It’s interesting to see how Harper’s suspension of democracy in Canada is being perceived to the south…
…and take climate action:
This afternoon Phil and Toby, two friends of mine from Oxford, were found not guilty in a unanimous verdict at Bristol Crown Court. They were charged with conspiracy to cause criminal damage at an air force base in England in March 2003 when they tried to safely disable US B52 bombers in a non-violent and accountable action to prevent them from bombing Iraq. Their main defence, with which the jury agreed, was that they were acting to prevent damage to life and property in Iraq, and war crimes by the aggressors (the use of cluster bombs and radioactive “bunker-busters”).
I think Toby sums it up quite well:
Hundreds of thousands of Iraqi people have still suffered as a result of the Government’s actions. It shouldn’t have come to the point that people had to take direct action to try to check the abuse of executive power.
It shouldn’t, but it did, and I have a huge amount of respect for Phil and Toby for having the courage to take action trying to stop an illegal war. They both spent three months in jail after their arrest and the last four years fighting this legal battle. Thank you both. The verdict today has highlighted, once again, that the UK government acted illegally in supporting the US-led attack on Iraq. It will be interesting to see the coverage in the media tomorrow as the conclusion of Phil and Toby’s case thrusts this issue back into public view.
When the going gets tough, and people remain ambivalent towards the simple steps they can take in their lives to reduce their energy use, it seems there’s only one thing for it… It’s time to start breaking into people’s apartments, changing their light bulbs, dropping bricks in their toilets, and switching off their appliances by stealth, obviously!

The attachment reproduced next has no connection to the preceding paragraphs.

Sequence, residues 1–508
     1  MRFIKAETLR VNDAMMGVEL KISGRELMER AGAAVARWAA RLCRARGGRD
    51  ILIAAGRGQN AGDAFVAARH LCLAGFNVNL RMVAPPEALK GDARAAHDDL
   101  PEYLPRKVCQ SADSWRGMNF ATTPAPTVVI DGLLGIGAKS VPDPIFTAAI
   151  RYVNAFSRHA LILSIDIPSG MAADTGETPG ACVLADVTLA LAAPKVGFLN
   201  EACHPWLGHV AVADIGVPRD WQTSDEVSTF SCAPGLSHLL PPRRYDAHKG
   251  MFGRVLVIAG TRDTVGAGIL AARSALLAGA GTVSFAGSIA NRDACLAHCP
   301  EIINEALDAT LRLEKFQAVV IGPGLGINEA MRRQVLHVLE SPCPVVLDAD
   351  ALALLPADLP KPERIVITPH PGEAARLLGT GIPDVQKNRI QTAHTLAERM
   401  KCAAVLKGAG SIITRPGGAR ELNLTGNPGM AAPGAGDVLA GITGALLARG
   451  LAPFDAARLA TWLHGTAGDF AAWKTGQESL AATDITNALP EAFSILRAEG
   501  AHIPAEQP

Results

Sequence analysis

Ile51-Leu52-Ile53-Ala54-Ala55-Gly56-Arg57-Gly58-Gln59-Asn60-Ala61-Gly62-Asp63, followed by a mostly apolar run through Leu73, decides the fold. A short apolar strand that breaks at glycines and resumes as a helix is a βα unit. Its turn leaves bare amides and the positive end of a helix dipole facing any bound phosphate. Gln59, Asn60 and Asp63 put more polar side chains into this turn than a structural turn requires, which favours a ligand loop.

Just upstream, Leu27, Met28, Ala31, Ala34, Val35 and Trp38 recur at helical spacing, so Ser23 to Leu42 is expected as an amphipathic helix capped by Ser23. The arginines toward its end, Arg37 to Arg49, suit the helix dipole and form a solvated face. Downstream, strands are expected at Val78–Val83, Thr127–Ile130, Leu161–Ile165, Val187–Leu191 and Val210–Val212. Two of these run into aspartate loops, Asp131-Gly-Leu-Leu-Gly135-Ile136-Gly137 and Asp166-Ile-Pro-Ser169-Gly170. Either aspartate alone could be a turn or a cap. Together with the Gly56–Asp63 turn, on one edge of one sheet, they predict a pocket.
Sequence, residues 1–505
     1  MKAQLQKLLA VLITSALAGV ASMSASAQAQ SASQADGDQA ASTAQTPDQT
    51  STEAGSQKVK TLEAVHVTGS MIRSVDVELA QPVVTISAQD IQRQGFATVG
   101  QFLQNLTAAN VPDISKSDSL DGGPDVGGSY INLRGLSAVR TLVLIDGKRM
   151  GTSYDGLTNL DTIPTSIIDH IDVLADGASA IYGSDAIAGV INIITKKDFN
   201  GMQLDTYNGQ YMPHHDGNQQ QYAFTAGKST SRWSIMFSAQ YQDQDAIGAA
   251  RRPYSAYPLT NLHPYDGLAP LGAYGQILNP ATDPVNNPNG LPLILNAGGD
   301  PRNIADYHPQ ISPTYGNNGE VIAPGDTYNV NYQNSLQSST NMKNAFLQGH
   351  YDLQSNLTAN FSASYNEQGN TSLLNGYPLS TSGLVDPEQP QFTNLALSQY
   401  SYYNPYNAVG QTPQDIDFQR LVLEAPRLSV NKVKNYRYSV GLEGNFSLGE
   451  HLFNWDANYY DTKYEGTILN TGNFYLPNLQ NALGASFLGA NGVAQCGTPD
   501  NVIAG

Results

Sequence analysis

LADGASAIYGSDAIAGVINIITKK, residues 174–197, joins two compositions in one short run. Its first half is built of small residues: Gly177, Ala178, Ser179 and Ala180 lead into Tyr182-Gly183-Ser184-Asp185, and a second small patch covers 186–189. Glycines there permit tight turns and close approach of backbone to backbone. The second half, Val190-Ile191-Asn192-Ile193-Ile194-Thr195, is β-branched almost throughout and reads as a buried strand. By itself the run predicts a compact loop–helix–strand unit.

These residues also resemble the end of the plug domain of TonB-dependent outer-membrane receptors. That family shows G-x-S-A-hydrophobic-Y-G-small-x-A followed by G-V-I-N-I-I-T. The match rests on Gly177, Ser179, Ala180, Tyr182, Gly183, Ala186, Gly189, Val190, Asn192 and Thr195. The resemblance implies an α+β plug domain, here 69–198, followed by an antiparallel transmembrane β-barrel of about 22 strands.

One of the great privacy features now activated by default in Mozilla’s Thunderbird email client (which I thoroughly recommend) is that it blocks loading of remote images in emails. This is a good thing. Why? Well, spammers, fraudsters, and unscrupulous companies mass emailing their customers just love to know for sure whether or not their emails have been read.
One way they can do this is using a tiny image know as a “web bug“. By quietly loading a one-pixel transparent image in the bottom of an email, via a specially crafted URL with a unique identifier, the sender of the email can, with no permission from the recipient, verify that the email has been read, that the email address is valid (this is really bad news if it’s spam, since valid email addresses are valuable and will be sold and spammed even more). It is also possible for the sender to track when the message was read, and where the recipient was at the time they read it, by recording the IP address of the computer the recipient was using at the time.
I’ve become quite accustomed to seeing the alert Thunderbird pops up to tell me that it has blocked remote images to protect my privacy. After all, quite a few companies legitimately add remote images with no tracking capability to emails – for example their logo. So, when clearing through a few unread messages from earlier in the week, I almost didn’t give this a second thought…
But for some reason I thought “that’s odd” and so I had a look at the html source of the message. To my surprise, this is what I found three lines from the bottom:
<img src="http://open.moveon.org/o.gif?id=9508-1945452-_97SI0eV1lc9R" HEIGHT="1" WIDTH="1">
That’s right, it’s a web bug. (I removed the end of the tracking code.)
The irony of moveon.org – which do some great work – campaigning to “stop AOL’s email tax“, and “save the internet” whilst at the same time using the exact same invasive methods of email tracking as spammers and fraudsters would be laughable, if it wasn’t so sad. Having worked on numerous campaigns and digital organising projects myself, I find the use of email tracking by a progressive campaign quite a despicable abuse of privacy.
If you’re reading this, Eli, I suggest you first of all apologise directly to the 3 million or so members whose trust you have violated, destroy any tracking data you are storing, and most importantly don’t do it again.